Common Centaury (Centaurium erythraea)

There has been some concern about the amount of Common Centaury (Centaurium erythraea) in our region this year. There have been queries about whether it is a wildflower or not, and what we have to do to control it if it is an introduced species.

Common Centaury is a species native to Europe and parts of western Asia. It is commonly found in our region in a variety of sites in grasslands and woodlands and disturbed sites such as pastures and roadsides.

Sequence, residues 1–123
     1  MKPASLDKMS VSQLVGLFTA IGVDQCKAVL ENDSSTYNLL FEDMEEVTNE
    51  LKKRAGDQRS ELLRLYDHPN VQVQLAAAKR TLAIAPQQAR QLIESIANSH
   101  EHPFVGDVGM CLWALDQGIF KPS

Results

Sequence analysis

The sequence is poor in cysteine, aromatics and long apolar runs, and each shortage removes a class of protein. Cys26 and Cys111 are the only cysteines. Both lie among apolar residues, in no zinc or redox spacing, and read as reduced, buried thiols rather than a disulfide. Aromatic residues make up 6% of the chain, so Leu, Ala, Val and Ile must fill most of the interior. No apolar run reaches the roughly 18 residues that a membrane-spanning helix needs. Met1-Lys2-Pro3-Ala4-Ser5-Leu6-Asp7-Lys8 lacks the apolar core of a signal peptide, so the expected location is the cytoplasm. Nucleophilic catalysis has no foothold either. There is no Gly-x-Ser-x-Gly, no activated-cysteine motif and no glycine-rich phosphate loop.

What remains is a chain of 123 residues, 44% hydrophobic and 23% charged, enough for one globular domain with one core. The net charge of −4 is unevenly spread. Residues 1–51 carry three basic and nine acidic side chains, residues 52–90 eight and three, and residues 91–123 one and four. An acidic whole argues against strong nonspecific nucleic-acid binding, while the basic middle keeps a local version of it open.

It has been a common weed in our region for a very long time. In some seasons it is not as prolific as it has been this year, though is always present. In most seasons it does not attain the height and density that it has this year, often growing to only 75-100mm tall and with flowering not usually as heavy. It appears that the seasonal conditions suited the species this year, hence the density of plants, size of plant and number of flowers.

Some people have been asking how to control it. Centaury is generally a fairly innocuous weed species. There are far more serious species needing control in our region before much effort is spent on Centaury (e.g. Serrated Tussock, African Love Grass, Chilean Needle Grass and St John’s Wort to name a few). However, manual removal (hand pulling or chipping) of this species is easy if it is of concern to you.